Clearly there is a lot of dissatisfaction among employees as well as employers when it comes to job loyalty. Employees have in recent years lived through large budget cuts, resulting in smaller salaries and reduced benefits countered by increased work load and demand. Employers on the other hand complain that employees don't value opportunities presented to them and feel they are entitled to higher pay without increased work performance.
What gives? We are living in hyper-competitive times, where everyone is looking out for the next best opportunity. Sad but true. To restore job loyalty, both employees as well as employers need to realize the value of a long-term relationship. It is true that old timers may provide substantially greater value to a company than new hires, but time alone does not determine this. Increased performance does.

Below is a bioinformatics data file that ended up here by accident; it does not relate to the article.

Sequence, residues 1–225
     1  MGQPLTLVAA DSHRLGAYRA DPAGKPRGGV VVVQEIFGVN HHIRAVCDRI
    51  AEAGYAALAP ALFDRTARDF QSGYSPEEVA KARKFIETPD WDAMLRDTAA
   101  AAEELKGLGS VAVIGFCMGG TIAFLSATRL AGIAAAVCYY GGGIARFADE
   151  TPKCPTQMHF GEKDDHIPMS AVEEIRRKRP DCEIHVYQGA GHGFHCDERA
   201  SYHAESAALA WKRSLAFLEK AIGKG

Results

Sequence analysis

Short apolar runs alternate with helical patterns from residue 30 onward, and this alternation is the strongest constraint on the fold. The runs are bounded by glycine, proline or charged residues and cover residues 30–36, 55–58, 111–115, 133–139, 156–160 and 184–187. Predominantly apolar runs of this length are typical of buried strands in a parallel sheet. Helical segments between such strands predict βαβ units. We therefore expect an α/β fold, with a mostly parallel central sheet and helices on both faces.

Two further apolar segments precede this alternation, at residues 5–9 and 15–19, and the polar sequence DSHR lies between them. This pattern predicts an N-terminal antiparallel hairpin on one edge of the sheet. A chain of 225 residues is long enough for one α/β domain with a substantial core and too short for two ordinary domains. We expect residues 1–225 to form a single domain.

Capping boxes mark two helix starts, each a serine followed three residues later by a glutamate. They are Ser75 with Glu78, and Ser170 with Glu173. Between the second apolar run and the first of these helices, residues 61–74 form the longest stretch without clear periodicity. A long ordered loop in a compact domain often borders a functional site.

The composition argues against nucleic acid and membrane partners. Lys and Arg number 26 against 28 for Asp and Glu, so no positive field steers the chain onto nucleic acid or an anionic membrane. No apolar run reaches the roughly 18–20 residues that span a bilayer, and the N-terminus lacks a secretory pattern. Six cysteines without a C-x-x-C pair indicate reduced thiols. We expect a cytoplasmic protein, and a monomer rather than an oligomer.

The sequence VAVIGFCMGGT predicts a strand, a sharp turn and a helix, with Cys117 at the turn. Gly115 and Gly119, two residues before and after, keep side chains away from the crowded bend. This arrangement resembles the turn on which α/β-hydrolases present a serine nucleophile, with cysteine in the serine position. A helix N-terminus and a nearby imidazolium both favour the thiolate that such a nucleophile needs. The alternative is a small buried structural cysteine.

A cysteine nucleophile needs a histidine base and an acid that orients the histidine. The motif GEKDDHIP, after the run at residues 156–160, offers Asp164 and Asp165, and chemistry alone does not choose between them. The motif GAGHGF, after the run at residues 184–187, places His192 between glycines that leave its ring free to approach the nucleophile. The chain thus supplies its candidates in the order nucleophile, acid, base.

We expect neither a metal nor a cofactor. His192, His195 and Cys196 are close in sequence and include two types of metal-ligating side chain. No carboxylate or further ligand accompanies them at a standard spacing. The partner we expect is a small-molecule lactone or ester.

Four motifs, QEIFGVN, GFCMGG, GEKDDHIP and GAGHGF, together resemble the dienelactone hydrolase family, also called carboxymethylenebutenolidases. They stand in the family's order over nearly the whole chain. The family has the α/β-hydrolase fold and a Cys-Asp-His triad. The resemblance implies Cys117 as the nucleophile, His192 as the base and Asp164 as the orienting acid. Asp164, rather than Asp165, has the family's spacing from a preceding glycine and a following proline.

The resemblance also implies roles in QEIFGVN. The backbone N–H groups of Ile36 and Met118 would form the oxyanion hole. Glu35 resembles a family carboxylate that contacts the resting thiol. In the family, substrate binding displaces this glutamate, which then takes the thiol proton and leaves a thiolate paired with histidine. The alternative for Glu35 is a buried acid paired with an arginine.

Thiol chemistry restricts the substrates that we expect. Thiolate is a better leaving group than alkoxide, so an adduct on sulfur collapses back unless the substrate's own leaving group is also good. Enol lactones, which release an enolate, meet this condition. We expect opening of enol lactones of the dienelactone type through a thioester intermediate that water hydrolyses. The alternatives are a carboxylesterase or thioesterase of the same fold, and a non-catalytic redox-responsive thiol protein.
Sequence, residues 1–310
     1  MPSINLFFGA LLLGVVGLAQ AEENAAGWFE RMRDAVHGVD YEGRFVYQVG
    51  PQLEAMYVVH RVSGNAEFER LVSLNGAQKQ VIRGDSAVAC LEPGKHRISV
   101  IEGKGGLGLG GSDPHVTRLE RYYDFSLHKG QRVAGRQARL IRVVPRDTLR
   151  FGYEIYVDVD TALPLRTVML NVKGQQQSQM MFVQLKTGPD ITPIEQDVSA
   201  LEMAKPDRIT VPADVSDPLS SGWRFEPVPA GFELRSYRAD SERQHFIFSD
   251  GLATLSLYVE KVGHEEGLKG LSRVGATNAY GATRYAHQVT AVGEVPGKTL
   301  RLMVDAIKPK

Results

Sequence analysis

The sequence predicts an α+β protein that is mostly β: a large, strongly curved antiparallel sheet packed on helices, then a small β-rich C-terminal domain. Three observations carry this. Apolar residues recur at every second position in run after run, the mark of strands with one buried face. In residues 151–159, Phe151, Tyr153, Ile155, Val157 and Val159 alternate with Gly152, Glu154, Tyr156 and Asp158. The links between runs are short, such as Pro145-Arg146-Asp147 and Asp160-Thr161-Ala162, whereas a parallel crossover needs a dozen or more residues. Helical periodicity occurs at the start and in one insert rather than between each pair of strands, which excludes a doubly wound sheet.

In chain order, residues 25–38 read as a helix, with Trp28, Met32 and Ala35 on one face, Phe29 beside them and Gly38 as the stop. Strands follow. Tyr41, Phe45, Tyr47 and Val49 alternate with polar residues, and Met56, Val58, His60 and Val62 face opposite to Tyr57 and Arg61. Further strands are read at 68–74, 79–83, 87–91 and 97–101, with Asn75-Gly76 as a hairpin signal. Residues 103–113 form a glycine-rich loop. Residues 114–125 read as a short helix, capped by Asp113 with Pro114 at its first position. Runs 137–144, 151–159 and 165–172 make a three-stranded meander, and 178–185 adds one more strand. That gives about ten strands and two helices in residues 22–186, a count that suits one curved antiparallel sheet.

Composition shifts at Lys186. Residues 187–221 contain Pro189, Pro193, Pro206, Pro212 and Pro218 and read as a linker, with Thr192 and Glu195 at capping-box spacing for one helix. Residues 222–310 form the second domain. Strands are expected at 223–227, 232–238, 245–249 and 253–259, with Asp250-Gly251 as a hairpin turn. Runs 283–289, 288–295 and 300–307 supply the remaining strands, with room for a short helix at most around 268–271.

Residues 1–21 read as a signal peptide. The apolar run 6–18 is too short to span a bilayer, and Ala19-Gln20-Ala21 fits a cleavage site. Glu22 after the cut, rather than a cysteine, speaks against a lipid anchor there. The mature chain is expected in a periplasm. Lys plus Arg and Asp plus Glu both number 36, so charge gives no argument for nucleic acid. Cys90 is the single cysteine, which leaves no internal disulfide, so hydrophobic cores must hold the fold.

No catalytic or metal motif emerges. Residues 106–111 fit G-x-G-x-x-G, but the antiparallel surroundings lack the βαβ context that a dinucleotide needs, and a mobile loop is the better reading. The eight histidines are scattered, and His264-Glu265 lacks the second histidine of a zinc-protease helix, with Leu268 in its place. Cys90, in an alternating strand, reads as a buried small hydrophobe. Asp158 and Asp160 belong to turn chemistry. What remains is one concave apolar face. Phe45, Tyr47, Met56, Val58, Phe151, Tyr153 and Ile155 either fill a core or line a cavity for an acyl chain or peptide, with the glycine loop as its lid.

Once true contributions are recognized and rewarded, job loyalty will be more the norm. Employees and employers have to work together to figure this out. Until then, when the next great opportunity comes, it will be a good time to move on regardless of what the other party in the employment relationship thinks.